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Re: Psychic powers

Sep 01, 1995 11:26 PM
by K. Paul Johnson

According to
> In the era in which HPB & etc. wrote, such abilities may have
> been "natural" to a much smaller number - and there may have
> been a good number of adults who were not born with such things
> attempting to force them into development through somewhat
> unnatural means, and perhaps this is the reason for the early
> Society's injunctions against fooling with this stuff.

In her letters to American conventions, HPB explicitly says
there will be an explosion of psychism in this country in the

> mostly unpleasent). I soon, of course, got in trouble. First,
> I heard all sorts of attitudes like "oh that is lower psychism
> and you must avoid the use of it because it will stop your
> spiritual growth"; and "the development of that `ability'
> is frowned upon"; and "that is the road of delusion and the
> path requires that such things be transcended"; ...along with
> a bit of suspicion that I had purposely done something spiritually
> "illegal". These *all* seemed like *really* bizzare attitudes -
> its hard to explain, but it was as though something I had
> considered somewhat neutrally ... it was, in the end, just
> another _sense_, and to me no more or less important than
> any other (imagine how puzzled you would be if people began
> waving cautionary fingers and speaking in dark tones simply
> because you could *smell* dinner cooking in the kitchen (-:)...
> was suddenly being contextualized as a "power" and being
> invested with all sorts of earth-shaking "spiritual" ramifications.

I suspect that there's an ulterior motive behind this, which is
to prevent "boat-rocking" a la Bailey. Paint a dark,
threatening picture of the topic, and you may intimidate people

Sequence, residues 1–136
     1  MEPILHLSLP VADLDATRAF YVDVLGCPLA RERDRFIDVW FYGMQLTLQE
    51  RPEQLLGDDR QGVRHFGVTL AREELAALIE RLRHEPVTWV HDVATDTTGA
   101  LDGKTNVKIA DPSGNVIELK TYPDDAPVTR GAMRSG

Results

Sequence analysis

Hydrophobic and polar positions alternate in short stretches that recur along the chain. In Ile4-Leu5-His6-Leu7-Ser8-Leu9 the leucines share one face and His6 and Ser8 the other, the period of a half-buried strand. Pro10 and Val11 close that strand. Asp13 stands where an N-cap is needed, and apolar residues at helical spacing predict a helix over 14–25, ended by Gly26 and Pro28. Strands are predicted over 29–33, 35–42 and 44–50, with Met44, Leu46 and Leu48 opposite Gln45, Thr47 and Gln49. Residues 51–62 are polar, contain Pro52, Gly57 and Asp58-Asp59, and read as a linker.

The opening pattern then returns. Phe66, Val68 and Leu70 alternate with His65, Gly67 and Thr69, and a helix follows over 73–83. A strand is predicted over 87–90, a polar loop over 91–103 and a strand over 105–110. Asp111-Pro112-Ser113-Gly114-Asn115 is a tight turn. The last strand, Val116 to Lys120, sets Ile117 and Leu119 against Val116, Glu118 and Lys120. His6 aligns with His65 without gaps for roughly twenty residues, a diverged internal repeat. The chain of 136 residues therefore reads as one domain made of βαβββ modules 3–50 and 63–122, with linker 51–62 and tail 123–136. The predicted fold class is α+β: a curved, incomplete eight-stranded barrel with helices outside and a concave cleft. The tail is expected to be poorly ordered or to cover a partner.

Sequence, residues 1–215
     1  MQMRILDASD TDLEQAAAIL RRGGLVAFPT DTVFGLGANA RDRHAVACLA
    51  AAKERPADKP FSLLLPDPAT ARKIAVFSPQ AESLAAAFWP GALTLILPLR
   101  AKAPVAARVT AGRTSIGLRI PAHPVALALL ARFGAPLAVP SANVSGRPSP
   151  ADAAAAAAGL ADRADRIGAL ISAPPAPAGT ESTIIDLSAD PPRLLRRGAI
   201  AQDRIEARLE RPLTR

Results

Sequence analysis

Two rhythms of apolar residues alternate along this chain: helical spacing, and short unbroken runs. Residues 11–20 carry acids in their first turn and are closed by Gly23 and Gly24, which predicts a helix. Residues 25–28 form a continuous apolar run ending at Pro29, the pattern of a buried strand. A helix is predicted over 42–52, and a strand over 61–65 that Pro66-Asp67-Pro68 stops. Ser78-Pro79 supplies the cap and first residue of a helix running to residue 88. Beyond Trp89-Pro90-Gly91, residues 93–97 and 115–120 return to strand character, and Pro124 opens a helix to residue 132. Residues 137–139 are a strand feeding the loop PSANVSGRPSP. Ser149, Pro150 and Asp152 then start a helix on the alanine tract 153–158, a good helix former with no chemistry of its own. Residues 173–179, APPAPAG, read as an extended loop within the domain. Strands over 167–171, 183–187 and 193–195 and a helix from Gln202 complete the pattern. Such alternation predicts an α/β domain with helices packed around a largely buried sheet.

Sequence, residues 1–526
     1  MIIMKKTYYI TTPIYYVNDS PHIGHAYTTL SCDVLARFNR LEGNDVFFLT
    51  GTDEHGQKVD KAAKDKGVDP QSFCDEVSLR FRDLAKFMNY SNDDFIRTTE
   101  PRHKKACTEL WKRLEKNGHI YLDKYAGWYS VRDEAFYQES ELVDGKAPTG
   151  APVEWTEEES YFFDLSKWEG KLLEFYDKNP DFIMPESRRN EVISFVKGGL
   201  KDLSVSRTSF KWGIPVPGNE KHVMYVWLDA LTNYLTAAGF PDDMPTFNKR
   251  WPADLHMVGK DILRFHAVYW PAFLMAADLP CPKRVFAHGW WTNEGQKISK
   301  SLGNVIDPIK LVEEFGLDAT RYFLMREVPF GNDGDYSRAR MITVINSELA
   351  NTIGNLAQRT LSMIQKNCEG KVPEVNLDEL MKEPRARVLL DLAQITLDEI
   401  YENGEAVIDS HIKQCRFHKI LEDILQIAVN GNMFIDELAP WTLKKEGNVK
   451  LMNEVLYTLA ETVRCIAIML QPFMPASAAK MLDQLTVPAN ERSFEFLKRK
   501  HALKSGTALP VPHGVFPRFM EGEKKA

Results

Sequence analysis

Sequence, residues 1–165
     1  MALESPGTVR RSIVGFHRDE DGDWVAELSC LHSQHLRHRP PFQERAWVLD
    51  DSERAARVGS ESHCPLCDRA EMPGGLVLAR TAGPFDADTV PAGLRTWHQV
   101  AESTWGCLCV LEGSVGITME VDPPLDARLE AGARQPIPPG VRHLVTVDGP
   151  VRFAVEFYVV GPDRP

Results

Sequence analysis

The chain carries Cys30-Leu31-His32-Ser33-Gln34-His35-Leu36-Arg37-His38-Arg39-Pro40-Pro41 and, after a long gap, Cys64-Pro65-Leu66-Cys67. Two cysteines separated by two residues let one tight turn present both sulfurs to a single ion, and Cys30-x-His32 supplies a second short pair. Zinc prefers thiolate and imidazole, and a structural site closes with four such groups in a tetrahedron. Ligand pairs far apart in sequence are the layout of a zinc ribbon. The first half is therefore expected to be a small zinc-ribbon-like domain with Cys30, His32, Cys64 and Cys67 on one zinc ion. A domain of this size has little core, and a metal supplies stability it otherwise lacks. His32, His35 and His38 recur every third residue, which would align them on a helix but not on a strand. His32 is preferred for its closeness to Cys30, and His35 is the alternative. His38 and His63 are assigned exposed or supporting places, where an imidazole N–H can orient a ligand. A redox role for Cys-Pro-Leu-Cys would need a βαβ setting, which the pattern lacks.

into being good little Theosophists who project their own
power onto leaders or fantasy figures. Thus:
> I was young, and quite naive about human emotions when this was happening, and
> when I began giving my opinion of this stuff in TS meetings ... the reaction
> was not good. I did not realize that several of the older members were used to
> being the "teachers" in the group, and could hold forth at great length about
> the complexities of the inner worlds - because they had read so many of the
> *books* - and were quite used to positions of honor because of their knowledge
> of the inner worlds - and were not at all happy that someone was not only
> speaking in meetings at the level of experience rather than theory, but was
> disagreeing (often, gulp, in a terribly undiplomatic way) with the theory. In

> Point is, I guess, that there is a curious paradox that has developed over the
> years of Theosophy - on the one hand, the 3rd Object would seem to make it a
> natural place for the study of some abilities that may be moving *quite
> naturally* from latency to potency in a growing number of humans ... which
> invisible ...) etc., etc. - while on the other hand, there is
> huge and old pile of (IMO) philosophical baggage surrounding the
> possession of any such abilities.
> Theosophy *could* become a place (and there are really very few places that
> might even potentially serve this purpose) where such abilities might be
> studied, refined, clarified, and integrated into a service-oriented worldview.
> Perhaps even where modern science is also used ...

> Thing is, there is not even a glimmer of a chance of realizing
> this possibility so long as some of the attitudes towards such
> abilities still present in Theosophical circles (and mostly
> formed and propagated by those who do *not* have such senses
> open, and have not had to wrestle with all the ramifications
> inherent in them) persist. (as though one has an embarrasing
> secret) - and I suppose I'd like to, very respectfully, suggest
> to those that do not operate with those senses opened
> that they perhaps consider more deeply the attitudes and words
> they convey with their philosophical ideas ... simply because
> Theosophy *could* become a place where, in the future, people
> with abilities that are no longer "latent" might come to learn how
> to turn what is very often considered a *curse* into something
> that is not only validated, but refined into a tool for service.

John, you should write a book! All these things need to be
said, because people who approach the TS with these concerns
often get stones rather than bread.

One theory I can't help considering is that the ES has a lot to
do with ambivalence in the Adyar society toward the paranormal
and the devotional, for that matter. If there is a secret
inner group where the life of discipleship is pursued, this
sets up a "sheep vs. goats" mindset in which some things have
to kept out of the hands of those who have not entered the

Interrupted by work-- (drat!)


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